WSU students were denied public documents by Duggan’s office on May 12 and 14.
Duggan’s office told students that the documents outlining the Riverside Park land swap with the Moroun family were not public, even though they were announced by the mayor at a press conference on April 29.
This denial violates the MPC, which states that those who do not disclose the documents could face fines up to $1000 and not more than one year imprisonment.
At the press conference, Duggan outlined the contents of the agreement and told reporters that it “was headed to the City Council for approval within the next week.” On May 12, nearly two weeks after the announcement, the written deal had not been submitted to the City Clerk’s office. The Mayor’s office denied a written deal even existed yet, arguing the agreement was not yet a public document.
The agreement was filed by the Mayor’s office to the Detroit City Clerk at 2:08 p.m. on May 14, several hours after the students made the second request. The students, Tim Carroll and Alexander Franzen, filed a complaint with Wayne County Prosecutor Kym Worthy’s office on May 15.
One member of the office said that the records did not exist, because it was “a proposal and an idea.” The “non-existent” document - also known as the Land Exchange Agreement between the City of Detroit and the DIBC - did exist.
According to the document itself, it was also notarized and approved by the mayor and by Oakland County Notary Public Amanda Elias on May 4.
After an office staff member repeatedly said the document was not a public record on May 14, she called the mayor’s spokesman John Roach. The staff member repeated to the students what Roach said over the phone: “All the information we’d like to share with the public is on the website.”
After this denial, the students attempted to read the Michigan Penal Code section. The section states that public officials are required to disclose public records during business hours when requested.
The students were stopped by a member of the mayor’s staff who told them that the MPC did not apply because the document wasn’t a public record yet.
Official Complaint To Wayne County Prosecutor Kym Worthy
Dear Ms. Worthy,
This letter is to complain about a denial to view public records from the office of Detroit Mayor Mike Duggan. I believe that this denial was a violation o the Michigan Penal Code. Chapter 750, 328-1931-LXXI, Section 750.492 of the MPC states that public records must be disclosed during business hours. The code is attached to this letter.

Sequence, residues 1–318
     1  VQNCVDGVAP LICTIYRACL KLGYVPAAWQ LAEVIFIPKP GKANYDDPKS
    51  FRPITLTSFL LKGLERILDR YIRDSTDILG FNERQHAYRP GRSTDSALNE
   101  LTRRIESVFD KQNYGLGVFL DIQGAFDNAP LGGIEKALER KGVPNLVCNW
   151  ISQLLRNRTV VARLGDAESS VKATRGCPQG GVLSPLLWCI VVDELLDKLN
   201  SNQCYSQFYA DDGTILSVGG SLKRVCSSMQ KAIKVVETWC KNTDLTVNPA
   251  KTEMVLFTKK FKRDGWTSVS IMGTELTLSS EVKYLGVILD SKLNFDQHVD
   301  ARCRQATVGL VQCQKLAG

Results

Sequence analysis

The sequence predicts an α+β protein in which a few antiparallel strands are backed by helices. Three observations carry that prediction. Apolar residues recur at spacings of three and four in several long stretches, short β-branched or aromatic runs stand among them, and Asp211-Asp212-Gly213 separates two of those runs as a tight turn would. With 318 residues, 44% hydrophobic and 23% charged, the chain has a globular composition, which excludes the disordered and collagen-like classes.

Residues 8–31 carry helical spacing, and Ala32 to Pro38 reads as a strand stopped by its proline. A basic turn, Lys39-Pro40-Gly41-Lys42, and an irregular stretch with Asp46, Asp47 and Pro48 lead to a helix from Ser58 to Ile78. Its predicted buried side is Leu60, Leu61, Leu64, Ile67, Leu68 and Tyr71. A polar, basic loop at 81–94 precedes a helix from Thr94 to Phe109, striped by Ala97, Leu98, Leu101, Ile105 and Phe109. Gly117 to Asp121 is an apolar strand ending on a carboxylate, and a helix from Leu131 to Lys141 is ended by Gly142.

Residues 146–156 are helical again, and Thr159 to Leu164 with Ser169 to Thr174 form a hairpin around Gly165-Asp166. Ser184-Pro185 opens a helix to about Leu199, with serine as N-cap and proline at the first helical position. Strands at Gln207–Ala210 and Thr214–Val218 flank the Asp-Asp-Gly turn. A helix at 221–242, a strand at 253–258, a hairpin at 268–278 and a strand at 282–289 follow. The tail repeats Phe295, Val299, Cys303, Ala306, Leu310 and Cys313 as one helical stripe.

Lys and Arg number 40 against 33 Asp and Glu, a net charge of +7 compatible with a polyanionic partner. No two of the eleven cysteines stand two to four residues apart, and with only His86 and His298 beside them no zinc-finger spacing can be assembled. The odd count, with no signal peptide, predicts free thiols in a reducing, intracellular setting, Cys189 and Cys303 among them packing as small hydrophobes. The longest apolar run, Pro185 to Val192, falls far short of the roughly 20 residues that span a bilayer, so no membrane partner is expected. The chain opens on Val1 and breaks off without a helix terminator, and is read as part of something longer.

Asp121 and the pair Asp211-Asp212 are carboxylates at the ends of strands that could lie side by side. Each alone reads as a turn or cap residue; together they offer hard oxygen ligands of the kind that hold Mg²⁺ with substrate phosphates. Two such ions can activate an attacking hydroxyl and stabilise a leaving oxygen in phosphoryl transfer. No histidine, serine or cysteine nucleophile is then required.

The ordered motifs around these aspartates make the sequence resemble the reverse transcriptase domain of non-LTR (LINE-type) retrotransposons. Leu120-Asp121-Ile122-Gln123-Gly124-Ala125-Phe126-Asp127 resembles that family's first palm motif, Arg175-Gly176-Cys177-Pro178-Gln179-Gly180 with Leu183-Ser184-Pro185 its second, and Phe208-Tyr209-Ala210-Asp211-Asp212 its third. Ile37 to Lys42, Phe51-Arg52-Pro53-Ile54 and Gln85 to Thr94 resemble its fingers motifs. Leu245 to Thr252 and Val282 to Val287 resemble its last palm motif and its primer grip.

On Tuesday, May 12 and again on Thursday, May 14, my colleague Alex Franzen and I attempted to request public documents from the Mayor's office related to a land transfer agreement between the city and the Detroit International Bridge Company. On May 12, we asked to see the agreement. We were told by the Mayor's executive assistant Kitty Whitfield that it was not a public record until it was submitted to the City Clerk's office and that the agreement was "like an idea."
On a second visit to the mayor's office on May 14, Whitfield called Detroit communications director John Roach and spoke with him about the availability of the document. Roach told Whitfield that all the information the Mayor's office wanted to share with the public was available online. I then read the MPC to Whitfield in another attempt to view the document but was interrupted by Whitfield, who argued that the agreement was not a public record because it had not been submitted to the City Clerk and therefore, was not available.
However, the agreement was announced in a public press conference on April 29 where details of the agreement were verbally disclosed by Mayor Mike Duggan and others. The written agreement was then notarized by the Detroit International Bridge Company on the same day. Lastly, the deal was approved and signed by the mayor and notarized by Oakland County Notary Public Amanda Elias on May 4, eight days before we requested to see this document.
I believe that this written agreement became a public document when it was verbally announced to the public on April 29. This was reinforced when the written agreement was approved by Mayor Mike Duggan on May 4 and notarized. Furthermore, the disclosure of these records are in the public interest.
The agreement existed as a public record at the time it was requested. The denial of the mayor's office to disclose the records is a direct violation of the Michigan Penal Code.